Barrett, David M. "Glimpses of a Hidden History: Sen. Richard Russell, Congress, and Oversight of the CIA." International Journal of Intelligence and Counterintelligence 11, no. 3 (Fall 1998): 271-298.
The focus here is Russell's and Congress' relationship with the CIA during the Eisenhower presidency. The author concludes that "[t]here can be no doubt that Russell was powerful in relation to the CIA; the question that remains largely unanswered is the extent to which he exercised that power." In the absence of the release of relevant records by the government, "[t]he well-known contention that no effective congressional oversight of the CIA existed in this and other parts of the 'era of trust' is not yet proven."
Cogan, Charles G. "Covert Action and Congressional Oversight: A Deontology." Studies in Conflict and Terrorism 16, no. 2 (Apr. 1993): 87- 97.
Conner, William E.
1. "Congressional Reform of Covert Action Oversight Following the Iran-Contra Affair." Defense Intelligence Journal 2, no. 1 (Spring 1993): 35-64.
The author examines the legislative history of the Intelligence Authorization Act for FY 1991, "the most extensive intelligence oversight legislation in over a decade," to show that "compromise between Congress and the President can yield practical solutions to difficult, yet profound, national security issues."
2. Intelligence Oversight: The Controversy Behind the FY 1991 Intelligence Authorization Act. AFIO Intelligence Profession Series, No. 11. McLean, VA: Association of Former Intelligence Officers, 1993.
Surveillant 3.4/5: This was the "first significant remedial intelligence oversight legislation in more than a decade." It reflects a "compromise between Bush and Congress as a solution to thorny national security issues."
3. "Reforming Oversight of Covert Actions after the Iran-Contra Affair: A Legislative History of the Intelligence Authorization Act for FY 1991." Virginia Journal of International Law 32 (Summer 1992): 871-928.
Conner, William E.. "Snider Discusses Hill Access to Intelligence." National Security Law Report 20, no. 1 (Winter 1998): 1, 8, 11-12.
Report on remarks by L. Britt Snider, 15 January 1998, Washington, DC. At the time, Snider was Special Counsel to the DCI; he later served as CIA Inspector General.
[DeConcini, Dennis [Sen. (D-AZ)].] "April Breakfast Remarks: DeConcini Responds to Gates Remarks on Oversight." National Security Law Report 15, no. 5 (May 1993): 1-5. [Text]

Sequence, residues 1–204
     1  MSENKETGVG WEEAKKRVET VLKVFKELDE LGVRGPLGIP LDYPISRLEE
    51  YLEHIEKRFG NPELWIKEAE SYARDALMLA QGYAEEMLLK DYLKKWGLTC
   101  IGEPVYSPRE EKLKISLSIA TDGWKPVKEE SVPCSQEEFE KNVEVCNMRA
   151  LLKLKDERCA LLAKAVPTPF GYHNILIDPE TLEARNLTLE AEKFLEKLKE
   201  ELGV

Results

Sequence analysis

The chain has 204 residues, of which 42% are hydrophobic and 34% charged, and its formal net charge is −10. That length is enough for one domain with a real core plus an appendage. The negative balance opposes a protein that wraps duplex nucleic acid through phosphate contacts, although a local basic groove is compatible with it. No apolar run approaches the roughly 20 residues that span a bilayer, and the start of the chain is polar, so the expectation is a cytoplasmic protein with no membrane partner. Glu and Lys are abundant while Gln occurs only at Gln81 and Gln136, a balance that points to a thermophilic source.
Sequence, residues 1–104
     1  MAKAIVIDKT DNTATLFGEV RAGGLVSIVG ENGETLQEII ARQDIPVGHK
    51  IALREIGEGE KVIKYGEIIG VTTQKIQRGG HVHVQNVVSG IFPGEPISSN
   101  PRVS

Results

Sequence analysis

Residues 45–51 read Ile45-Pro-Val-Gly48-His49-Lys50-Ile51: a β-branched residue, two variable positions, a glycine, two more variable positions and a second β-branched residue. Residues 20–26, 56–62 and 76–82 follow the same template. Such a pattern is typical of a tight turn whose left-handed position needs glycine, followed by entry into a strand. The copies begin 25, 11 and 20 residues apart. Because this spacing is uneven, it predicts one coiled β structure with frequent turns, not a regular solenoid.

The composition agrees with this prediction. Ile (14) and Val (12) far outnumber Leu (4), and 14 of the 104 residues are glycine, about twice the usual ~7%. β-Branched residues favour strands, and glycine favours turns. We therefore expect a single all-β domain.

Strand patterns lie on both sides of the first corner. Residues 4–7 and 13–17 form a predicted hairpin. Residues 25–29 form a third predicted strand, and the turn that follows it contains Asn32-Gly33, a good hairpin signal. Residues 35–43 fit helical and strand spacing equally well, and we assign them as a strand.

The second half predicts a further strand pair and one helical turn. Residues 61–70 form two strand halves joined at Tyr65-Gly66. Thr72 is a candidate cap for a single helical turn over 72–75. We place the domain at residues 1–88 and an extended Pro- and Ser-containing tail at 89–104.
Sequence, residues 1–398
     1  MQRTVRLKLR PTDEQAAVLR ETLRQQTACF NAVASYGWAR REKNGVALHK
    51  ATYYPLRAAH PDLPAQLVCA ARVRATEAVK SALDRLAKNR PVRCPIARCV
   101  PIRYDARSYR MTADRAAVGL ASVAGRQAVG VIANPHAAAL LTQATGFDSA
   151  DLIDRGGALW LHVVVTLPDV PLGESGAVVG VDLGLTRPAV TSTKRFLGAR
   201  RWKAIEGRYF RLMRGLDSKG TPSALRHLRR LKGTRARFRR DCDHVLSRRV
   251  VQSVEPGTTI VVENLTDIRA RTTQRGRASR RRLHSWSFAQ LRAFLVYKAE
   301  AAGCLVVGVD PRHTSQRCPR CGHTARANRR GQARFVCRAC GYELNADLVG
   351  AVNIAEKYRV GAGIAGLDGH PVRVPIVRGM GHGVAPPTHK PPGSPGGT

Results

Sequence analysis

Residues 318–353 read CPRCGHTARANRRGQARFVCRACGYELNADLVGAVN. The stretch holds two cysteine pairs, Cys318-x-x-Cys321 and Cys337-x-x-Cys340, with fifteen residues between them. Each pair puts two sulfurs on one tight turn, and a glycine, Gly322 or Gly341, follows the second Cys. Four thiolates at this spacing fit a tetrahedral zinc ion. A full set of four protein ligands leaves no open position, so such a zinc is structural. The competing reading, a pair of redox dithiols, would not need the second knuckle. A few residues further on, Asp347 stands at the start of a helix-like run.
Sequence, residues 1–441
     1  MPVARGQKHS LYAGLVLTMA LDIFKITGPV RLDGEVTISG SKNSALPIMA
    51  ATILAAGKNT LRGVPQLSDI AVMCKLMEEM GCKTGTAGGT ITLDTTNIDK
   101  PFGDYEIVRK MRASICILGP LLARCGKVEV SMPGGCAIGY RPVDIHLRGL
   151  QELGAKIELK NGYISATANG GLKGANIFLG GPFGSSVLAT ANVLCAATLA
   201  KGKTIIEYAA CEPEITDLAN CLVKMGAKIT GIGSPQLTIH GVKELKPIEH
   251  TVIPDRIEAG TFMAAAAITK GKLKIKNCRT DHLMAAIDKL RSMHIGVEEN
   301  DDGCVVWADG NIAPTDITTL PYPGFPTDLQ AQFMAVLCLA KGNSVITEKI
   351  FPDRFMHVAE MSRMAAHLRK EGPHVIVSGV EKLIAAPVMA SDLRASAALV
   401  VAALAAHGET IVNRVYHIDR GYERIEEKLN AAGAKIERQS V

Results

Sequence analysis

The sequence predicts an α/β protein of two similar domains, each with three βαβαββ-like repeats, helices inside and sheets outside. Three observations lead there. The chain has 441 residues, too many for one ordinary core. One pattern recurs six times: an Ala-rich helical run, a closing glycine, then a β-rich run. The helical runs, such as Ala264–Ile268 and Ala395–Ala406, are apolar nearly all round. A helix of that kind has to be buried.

Gates, Robert M. "Strengthening Congressional Oversight of Intelligence." National Security Law Report 15, no. 2 (Feb. 1993): 1-5.
Text of speech given 18 February 1993 at meeting organized by the American Bar Association's Standing Committee on Law and National Security in Washington, DC. Associated coverage of question and answer session published as: National Security Law Report. Editors. "Gates Opposes CIA Role in Industrial Espionage or Active Law Enforcement." 15, no. 2 (Feb. 1993): 1, 5-6.
Glennon, Michael J. "Congressional Access to Classified Information." Berkeley Journal of International Law 16, no. 1 (1998): 126-137.
Gumina, Paul. "Title VI of the Intelligence Authorization Act, Fiscal Year 1991: Effective Covert Action Reform or 'Business as Usual?'" Hastings Constitutional Law Quarterly (Fall 1992): 149-205.
According to Lowenthal, this article examines the new reporting requirements for covert actions included in the referent act. The author argues that these requirements are "firmly rooted in the Constitution and in past Congressional acts regarding oversight."
Hastedt, Glenn P., ed. Controlling Intelligence. London: Frank Cass, 1991.
According to Surveillant 1.2, "[c]hapters cover: the development of the CIA in a historical perspective; a critique of current safeguards against abuse by the CIA; the production of intelligence estimates; controlling intelligence defined as covert action; controlling intelligence defined as counter-intelligence; and the final chapter looks at Canadian government efforts to control intelligence."
For Lowenthal, the book includes "some useful essays on some of the problems related to managing analysis, operations, and counterintelligence." However, a Choice, Dec. 1991, reviewer sees this book as "conceptually and materially flawed," but adds that it "has some value for college libraries." Herman, I&NS 6.4, notes that the book contains "more description than evaluation," and suggests "more dissent and wider coverage" would have been welcome.
Jackson, William H., Jr. "Congressional Oversight of Intelligence: Search for a Framework." Intelligence and National Security 5, no. 3 (Jul. 1990): 113-147.
Lowenthal describes this as an analysis of "the political dynamics, institutional arrangements and shifting values and interests that have determined the extent and level of congressional oversight since the creation of the modern Intelligence Community."